Exhibit 1: Japan Started Tapering Nearly Two Years Ago
Source: BoJ, as of 8/7/2017. Total JGBs Purchased in the Trailing 12 Months, 1/31/2013 – 5/31/2018.
Notwithstanding the recent intervention, widening the 10-year JGB yield’s trading band to +/-0.2% could theoretically allow long rates to inch up a wee bit more, steepening the yield curve. Even before the BoJ’s announcement, yields were already creeping above 0.1%, inciting policymakers to intervene with unlimited purchase offers to drive them back down. This strikes us as a strong indication the market would like to take yields a bit higher. But whether they will be able to depends on how much the BoJ intervenes from here, which remains to be seen. We may see more operations like August 2’s JGB-buying frenzy, or they may allow a more gradual rise toward 0.2%. This, plus the BoJ’s decision to apply negative interest rates to a smaller swath of assets, might give banks a smidge more relief and enable them to lend a tad more. Only a baby-step, but a step nonetheless.
We half wonder if August 2’s intervention was more marketing spin than anything else. The BoJ has seemingly been trying to have it both ways for a while, giving the perception of maintaining QE while quietly tapering and creating an interest rate environment more likely to benefit the economy. Any hint of central banks tapering QE has spooked markets for years now (e.g., 2013’s taper tantrum), and that includes the prospect of tapering in Japan. The BoJ also appears to be wary of doing anything that would make the yen rise, as evidenced by policymakers’ quick clarification of BoJ Governer Haruhiko Kuroda’s comments to Japanese lawmakers that it might be reasonable for policymakers to start pondering QE’s end next year if inflation hit 2% then. A subsequent press release sought to ensure investors they weren’t actually planning to end QE then. Marrying the latest policy tweak with temporary intervention and dovish public comments could be another step toward keeping up appearances while gradually stepping away from QE.Whatever happens, our views haven’t changed. We still think tapering and eventually ending QE would be a net benefit for Japan’s economy and markets, and if the latest policy tweak is a step toward that, it would be a positive. But only a small one, with Japan’s monetary policy only slightly less abysmal than it was before this announcement—and only slightly less of a headwind against an economy plagued by weak domestic demand and in need of reform. But any progress would be worth noting, if for no other reason than it further disproves the notion QE and central banks drove this bull market.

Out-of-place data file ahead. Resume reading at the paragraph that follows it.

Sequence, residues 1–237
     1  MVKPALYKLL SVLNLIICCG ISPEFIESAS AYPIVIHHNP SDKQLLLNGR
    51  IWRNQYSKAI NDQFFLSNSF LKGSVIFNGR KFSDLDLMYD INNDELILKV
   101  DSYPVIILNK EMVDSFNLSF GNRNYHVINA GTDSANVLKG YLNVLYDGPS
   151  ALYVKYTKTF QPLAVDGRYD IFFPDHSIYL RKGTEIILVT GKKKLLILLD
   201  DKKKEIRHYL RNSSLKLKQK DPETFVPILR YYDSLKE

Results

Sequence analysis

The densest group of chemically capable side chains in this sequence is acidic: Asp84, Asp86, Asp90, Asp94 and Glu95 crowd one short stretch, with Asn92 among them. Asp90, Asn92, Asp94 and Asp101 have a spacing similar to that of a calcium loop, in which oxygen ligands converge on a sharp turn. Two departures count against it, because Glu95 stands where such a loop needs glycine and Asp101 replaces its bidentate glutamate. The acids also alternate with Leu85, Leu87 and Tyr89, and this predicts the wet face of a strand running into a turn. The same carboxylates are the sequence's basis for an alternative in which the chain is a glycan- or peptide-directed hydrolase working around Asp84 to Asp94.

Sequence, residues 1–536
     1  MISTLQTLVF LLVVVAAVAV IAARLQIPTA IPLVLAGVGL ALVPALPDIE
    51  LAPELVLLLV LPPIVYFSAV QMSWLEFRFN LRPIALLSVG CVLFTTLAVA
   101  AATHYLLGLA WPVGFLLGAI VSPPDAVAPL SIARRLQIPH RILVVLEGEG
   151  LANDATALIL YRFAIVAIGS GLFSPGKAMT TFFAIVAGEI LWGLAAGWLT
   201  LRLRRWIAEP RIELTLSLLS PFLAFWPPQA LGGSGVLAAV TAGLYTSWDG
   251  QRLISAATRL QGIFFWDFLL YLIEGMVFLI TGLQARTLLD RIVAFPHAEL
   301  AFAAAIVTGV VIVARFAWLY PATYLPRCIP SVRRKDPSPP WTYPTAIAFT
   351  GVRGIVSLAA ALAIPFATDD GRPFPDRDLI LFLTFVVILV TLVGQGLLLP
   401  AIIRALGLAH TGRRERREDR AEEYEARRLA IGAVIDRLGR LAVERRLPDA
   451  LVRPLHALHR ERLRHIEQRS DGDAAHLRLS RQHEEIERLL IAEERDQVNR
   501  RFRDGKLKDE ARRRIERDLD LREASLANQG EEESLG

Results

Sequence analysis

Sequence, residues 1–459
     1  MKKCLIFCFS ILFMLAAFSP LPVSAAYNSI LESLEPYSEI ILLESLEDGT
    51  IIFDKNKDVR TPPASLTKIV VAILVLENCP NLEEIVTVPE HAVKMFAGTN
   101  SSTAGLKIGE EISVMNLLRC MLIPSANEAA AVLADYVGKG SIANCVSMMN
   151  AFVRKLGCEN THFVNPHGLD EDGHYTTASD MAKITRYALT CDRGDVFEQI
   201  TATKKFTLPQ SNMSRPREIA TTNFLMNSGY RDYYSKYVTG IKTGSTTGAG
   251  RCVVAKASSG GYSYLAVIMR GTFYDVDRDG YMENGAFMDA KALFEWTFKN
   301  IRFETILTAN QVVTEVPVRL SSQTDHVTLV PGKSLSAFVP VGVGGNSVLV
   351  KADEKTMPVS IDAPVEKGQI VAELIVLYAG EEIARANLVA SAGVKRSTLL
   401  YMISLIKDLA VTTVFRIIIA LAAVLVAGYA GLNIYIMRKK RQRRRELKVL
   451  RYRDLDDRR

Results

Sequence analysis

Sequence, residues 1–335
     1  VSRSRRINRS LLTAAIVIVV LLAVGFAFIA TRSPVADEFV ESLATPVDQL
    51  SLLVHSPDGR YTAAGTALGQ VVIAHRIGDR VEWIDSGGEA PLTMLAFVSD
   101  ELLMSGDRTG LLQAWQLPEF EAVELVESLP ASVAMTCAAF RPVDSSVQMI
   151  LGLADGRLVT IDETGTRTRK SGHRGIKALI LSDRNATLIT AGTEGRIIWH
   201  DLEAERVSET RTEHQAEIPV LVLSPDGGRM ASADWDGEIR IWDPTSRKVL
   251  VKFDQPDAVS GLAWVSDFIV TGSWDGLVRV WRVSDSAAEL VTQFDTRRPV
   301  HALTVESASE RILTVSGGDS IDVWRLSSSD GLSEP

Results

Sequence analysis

[i] Source: Ministry of Finance, as of 8/3/2018. 2017 nominal GDP. Also, we included the word “targets” here very intentionally as it no longer actually buys that amount, which is sort of why we’re writing this article.
[ii] Source: Federal Reserve and US Bureau of Economic Analysis, as of 8/8/2018.
[iii] Source: BoJ and Japanese Ministry of Finance, as of 8/2/2018. Percentage of outstanding JGBs owned by the BoJ, 3/31/2018.
[iv] Source: Japanese Ministry of Finance, as of 8/13/2018. Average annual real GDP growth, 2009 – 2017.
[v] Source: Bureau of Economic Analysis, as of 8/13/2018. Average annual real GDP growth, 2009 – 2017.
[vi] Source: BoJ, as of 7/31/2018.
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*The content contained in this article represents only the opinions and viewpoints of the Fisher Investments editorial staff.